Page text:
Happy Monday everyone! I hope all those in the path of Hurricane Sandy remain safe!
I just wanted to take a minute to talk scarf knitting. As a beginner, one of your first projects will probably be a scarf. There are a number of reasons for this, such as the fact that you needn't worry about calculating gauge, and you don't have to do anything fancy. A simple garter stitch scarf is a very nice thing to have.
I do have a video, How to Knit a Scarf, in which I talk a little about how to make your own scarf. The video is just basic, very general information - pick some yarn, needles, a stitch pattern, and off you knit.
There have been a number of rather passionate comments on this video (which I have deleted), in which knitters don't find the video helpful or informative, or they just don't understand the point of the video. Some do not like the sped up portion of the video (there is a time limit on uploaded videos on YouTube, thus the speeding up).
As I said, the video is just general info, and it is really meant to be used just as a jumping off point. It is assumed that the knitter already has a grasp of casting on, knitting/purling, and binding off. The video is not meant to teach a specific knitting technique, nor is it meant to show you step by step how to knit a specific scarf, which is what some seem to think it is.
Since there has been so much ..... fluff.... over this video, I have decided to do a series of scarf videos for beginners. These will be step by step, from cast on to bind off. Due to time restrictions of YouTube, the entire video will not be able to be uploaded, as it would be several hours long. I will do my best to give as much coverage to the knitting of the scarf as I can.
I don't have a time frame on these videos. I have a very busy non-knitting life, and it does take time to knit something. It also takes time to write things up, make the video, edit the video, upload the video, etc. I will start these as soon as time permits.
Happy Knitting everyone!
Wednesday, October 24, 2012
This is knit with one skein of Patons Lace yarn on US Size 7 needles. I used the color Bonfire, but this will look great in any of the other colors.
All you need to know for this scarf is knit, purl, yarn over, and short rows. (There is no wrapping with these short rows, although you could if you want to) If you need help with any of these, I have videos on my YouTube channel that you can watch.
Click below to hop over to Craftsy to purchase this pattern.
Here are some more pictures:
Sunday, October 14, 2012
A lot of new knitters stay away from cables, because they seem difficult. To a non-knitter, a cabled garment is a very impressive thing, because cables look like something that takes a lot of work. In fact, cables are super easy to do! All a cable is, is a set of stitches worked out of order. That's it. Cables can be knit with any yarn and any needles you like. You can make them thick or thin, on a reverse stocking background, or any background you like. There really aren't any rules (and rules are made to be broken anyhow, aren't they?!) as far as cables go.
This is the first in a series of cable knitting. This is just the basics - types of cable needles, and general info on cabling. There will be additional posts and videos on reversible cables, cabling without a cable needle, working from a chart, etc.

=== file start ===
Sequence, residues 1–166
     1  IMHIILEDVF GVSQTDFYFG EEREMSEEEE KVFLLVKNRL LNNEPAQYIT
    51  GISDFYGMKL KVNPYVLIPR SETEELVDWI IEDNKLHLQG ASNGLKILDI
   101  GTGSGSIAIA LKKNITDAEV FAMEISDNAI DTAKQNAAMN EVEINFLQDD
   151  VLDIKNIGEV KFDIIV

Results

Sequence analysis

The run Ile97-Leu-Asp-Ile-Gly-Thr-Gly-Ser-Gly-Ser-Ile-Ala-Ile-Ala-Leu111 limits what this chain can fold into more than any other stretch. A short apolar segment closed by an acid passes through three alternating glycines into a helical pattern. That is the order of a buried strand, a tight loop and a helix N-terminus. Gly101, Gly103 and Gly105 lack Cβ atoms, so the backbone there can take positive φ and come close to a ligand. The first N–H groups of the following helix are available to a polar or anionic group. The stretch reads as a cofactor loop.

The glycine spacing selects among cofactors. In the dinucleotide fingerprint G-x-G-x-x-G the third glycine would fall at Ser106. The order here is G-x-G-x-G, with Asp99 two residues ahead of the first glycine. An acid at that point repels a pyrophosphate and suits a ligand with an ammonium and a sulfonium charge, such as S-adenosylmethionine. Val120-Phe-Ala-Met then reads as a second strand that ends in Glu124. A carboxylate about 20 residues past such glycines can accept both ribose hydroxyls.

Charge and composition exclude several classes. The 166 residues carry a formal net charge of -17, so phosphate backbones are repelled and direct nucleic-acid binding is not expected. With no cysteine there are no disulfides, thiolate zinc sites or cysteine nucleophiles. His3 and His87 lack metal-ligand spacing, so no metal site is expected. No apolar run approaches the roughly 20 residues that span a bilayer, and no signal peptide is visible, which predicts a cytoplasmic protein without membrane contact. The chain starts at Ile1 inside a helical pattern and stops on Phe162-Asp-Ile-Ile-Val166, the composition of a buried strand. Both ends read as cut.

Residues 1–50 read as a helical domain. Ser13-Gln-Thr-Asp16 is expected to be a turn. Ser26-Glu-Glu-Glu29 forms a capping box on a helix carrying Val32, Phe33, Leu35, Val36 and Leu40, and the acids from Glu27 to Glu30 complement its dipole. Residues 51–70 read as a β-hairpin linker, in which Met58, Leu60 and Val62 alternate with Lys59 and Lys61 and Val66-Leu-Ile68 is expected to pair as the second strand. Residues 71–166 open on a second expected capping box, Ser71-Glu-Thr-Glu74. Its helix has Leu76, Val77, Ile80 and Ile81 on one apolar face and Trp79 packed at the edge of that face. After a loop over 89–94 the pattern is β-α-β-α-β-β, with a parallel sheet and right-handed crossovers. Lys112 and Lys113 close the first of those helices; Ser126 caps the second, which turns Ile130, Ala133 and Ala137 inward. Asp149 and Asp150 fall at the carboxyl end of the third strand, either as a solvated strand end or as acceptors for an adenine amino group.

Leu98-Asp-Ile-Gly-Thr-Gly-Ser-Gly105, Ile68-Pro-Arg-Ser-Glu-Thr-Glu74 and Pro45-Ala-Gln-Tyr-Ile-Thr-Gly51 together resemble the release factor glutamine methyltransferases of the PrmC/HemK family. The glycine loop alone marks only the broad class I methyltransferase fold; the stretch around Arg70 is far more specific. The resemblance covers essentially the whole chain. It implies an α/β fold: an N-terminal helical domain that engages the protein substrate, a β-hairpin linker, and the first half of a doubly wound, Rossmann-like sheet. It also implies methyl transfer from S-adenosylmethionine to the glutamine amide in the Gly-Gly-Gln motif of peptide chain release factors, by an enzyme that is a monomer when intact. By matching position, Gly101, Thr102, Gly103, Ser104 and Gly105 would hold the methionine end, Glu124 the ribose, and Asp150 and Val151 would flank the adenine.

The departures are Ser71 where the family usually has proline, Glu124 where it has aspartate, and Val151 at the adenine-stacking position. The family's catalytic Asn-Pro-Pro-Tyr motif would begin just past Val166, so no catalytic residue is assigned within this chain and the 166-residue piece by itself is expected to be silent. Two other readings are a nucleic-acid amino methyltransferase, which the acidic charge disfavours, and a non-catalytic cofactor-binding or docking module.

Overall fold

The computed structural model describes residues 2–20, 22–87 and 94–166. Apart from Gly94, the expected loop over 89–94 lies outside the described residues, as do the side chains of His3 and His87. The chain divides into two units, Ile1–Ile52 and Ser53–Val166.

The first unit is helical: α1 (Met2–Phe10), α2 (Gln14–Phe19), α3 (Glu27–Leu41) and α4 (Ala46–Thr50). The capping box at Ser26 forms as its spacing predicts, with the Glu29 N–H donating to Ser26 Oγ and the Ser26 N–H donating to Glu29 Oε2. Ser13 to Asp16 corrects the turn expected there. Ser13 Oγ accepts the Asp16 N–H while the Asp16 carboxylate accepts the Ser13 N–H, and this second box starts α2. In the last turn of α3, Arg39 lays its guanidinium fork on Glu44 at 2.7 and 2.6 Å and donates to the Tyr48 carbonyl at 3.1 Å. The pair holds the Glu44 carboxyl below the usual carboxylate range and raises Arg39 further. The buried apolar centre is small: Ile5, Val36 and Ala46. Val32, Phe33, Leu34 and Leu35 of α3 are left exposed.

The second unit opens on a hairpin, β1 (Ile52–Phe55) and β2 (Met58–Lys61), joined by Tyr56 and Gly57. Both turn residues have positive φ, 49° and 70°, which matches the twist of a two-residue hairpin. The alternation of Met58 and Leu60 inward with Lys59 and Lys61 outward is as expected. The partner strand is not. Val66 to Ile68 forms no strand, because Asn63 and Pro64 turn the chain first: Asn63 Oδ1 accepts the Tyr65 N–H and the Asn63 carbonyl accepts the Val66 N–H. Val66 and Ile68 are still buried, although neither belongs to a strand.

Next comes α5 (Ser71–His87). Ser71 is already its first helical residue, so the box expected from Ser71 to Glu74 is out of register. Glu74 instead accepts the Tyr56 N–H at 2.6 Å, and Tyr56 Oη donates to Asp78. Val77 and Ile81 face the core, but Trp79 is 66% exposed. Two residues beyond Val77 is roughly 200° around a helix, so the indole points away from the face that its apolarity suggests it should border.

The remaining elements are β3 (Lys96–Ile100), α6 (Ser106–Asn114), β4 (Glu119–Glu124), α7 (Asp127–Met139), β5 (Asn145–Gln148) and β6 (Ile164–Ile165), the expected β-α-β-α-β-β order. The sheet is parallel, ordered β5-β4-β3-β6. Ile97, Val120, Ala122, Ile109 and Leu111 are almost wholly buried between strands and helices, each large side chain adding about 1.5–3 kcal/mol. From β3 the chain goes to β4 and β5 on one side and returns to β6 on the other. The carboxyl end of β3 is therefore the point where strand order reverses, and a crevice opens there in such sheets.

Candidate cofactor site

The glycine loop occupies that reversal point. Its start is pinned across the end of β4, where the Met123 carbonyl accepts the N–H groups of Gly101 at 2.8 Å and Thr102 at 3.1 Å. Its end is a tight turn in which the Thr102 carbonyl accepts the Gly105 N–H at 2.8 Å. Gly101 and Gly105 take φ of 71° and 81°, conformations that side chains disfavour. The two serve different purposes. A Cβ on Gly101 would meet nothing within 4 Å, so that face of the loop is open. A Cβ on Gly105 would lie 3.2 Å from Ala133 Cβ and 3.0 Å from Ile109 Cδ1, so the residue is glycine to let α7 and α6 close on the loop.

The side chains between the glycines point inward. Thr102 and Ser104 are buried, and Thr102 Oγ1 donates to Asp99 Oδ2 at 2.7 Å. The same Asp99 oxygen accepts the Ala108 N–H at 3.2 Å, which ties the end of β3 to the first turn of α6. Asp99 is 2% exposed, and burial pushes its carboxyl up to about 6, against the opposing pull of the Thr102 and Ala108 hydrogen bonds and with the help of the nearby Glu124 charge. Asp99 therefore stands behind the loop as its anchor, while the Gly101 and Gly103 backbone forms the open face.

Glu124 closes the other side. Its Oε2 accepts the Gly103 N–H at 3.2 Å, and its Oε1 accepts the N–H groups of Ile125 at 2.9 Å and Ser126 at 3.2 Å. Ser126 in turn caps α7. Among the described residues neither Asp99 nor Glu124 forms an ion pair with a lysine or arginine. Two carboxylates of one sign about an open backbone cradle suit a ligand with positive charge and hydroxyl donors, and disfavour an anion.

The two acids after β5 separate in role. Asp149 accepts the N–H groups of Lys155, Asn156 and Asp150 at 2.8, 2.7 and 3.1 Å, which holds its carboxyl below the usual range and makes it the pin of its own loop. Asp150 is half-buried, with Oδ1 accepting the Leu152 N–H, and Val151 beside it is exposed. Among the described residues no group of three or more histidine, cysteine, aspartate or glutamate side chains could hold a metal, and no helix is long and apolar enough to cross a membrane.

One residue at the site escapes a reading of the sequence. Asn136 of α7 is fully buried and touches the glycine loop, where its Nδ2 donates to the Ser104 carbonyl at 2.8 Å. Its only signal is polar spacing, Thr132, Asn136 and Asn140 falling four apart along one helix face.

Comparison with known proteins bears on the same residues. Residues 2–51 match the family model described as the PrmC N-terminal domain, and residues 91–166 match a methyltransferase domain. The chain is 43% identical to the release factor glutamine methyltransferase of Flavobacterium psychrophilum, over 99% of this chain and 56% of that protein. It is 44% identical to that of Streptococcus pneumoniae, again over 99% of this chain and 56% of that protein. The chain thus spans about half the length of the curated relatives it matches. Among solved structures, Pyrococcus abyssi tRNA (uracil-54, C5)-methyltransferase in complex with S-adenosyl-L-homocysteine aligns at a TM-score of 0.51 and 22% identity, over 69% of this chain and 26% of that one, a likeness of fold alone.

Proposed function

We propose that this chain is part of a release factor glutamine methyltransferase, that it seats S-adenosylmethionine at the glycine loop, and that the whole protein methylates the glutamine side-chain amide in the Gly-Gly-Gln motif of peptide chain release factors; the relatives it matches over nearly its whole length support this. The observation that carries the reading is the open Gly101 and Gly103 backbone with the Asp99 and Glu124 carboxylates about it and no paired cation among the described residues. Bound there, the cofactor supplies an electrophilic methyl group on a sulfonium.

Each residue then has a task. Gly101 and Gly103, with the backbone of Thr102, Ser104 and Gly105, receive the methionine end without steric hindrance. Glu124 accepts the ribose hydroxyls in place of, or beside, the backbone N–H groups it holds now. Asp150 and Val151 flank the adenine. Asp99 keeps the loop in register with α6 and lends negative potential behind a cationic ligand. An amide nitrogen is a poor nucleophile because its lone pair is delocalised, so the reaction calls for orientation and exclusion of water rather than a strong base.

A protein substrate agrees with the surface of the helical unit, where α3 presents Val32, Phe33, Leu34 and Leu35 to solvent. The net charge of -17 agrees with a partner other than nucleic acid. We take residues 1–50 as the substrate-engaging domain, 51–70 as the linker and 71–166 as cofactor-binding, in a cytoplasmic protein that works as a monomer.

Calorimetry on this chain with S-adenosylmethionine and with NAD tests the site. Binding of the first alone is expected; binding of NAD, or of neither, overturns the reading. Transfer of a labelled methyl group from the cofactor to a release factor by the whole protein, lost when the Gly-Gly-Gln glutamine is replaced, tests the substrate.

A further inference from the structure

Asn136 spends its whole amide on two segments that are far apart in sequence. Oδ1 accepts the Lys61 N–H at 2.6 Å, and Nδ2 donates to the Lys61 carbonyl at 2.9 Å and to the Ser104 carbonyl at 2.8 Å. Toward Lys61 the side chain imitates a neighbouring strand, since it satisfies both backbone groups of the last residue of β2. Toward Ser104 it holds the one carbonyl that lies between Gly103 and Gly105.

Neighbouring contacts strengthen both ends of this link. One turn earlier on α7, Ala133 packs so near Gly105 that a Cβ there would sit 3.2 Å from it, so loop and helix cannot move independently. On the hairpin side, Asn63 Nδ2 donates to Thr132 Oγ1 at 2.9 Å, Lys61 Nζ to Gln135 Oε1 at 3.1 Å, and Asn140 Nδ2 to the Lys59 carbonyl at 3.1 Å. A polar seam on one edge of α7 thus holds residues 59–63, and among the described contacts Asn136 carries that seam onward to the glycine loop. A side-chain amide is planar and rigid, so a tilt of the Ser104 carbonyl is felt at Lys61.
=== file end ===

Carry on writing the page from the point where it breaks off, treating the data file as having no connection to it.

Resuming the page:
Let's start with the cable needles. There are a number of different types, and they are pretty much available at any craft store and your LYS of course. You can even use a DPN, which is my preferred way unless I am working with more than 3-4 stitches, otherwise I don't bother.
Here are some of the different cable needles, and a set of DPNs too. You don't want to use anything larger than the needle you are using to knit with, otherwise the stitches may get stretched. Stick with something as close to your needles size as possible; you can use a smaller cable needle, but then there is the possibility it may slip out of the stitches. The U shaped cable needles are a good choice for going with a smaller size since they hang nicely and don't slide around much. You should use whatever is the most comfortable for you.
As a general rule, the number of stitches wide your cable is, is the number of rows in between cables. For example, if you are knitting a 6 stitch cable, then you will want to cable on every 6th row. Of course, this rule isn't set in stone. You really don't want to work fewer rows because your cables will bunch up and just look like a lump of yarn. You can though, work more rows in between cables. Take our 6 stitch cable; instead of crossing stitches on every 6th row, try crossing on the 8th, 10th, even 12th row. The more rows you knit in between cables, the longer your cables will be. Play around, do some swatching, and see what you like. It's up to you.
|If you look at the top of the picture of this 6 stitch cable, I have crossed stitches on the very next right side row after my first cable. To me, it doesn't look very good. If I were to continue in this way, the fabric would start to bunch up.|
Another generally followed rule is that you cross the same number of stitches over each other. A 6 stitch cable is worked by crossing 3 stitches over 3 stitches. You can change it up any way you like though. Maybe 2 over 1, 4 over 2. Your choice.
Let's talk background stitches. A lot of cables you see will be worked in stocking stitch on a reverse stocking stitch background. This makes the cables pop and stand out. Again, this is not a rule that is carved in stone. You can get equally pleasing results working cables on stocking stitch. This is another instance where swatching is useful, because you can play around with backgrounds and see what you like best. There is no wrong way to knit your cables. Whatever looks good to you, is the right way. You can also space your sets of cables as far apart or as near each other as you like.
Now, for the cable itself. Some slant left, some slant right. You may see patterns refer to cabling the stitches as cable left/right, twist left/right, cross front/back, or another similar phrase. The pattern should give instructions on exactly what the terminology means. Because I may use a term in a different way than another knitter, you shouldn't assume that we both mean the same thing even if we use the same wording. Everybody tends to word things in a way that makes sense to them when writing patterns, so be sure you read your instructions carefully. So, how do you make the stitches cross, or twist, or cable? Easy.
If you want your cable to slant to the left, you will slip the required number of stitches to your cable needle and hold them in front of your work. Knit the designated number of stitches from the left needle, then work the stitches waiting on the cable needle.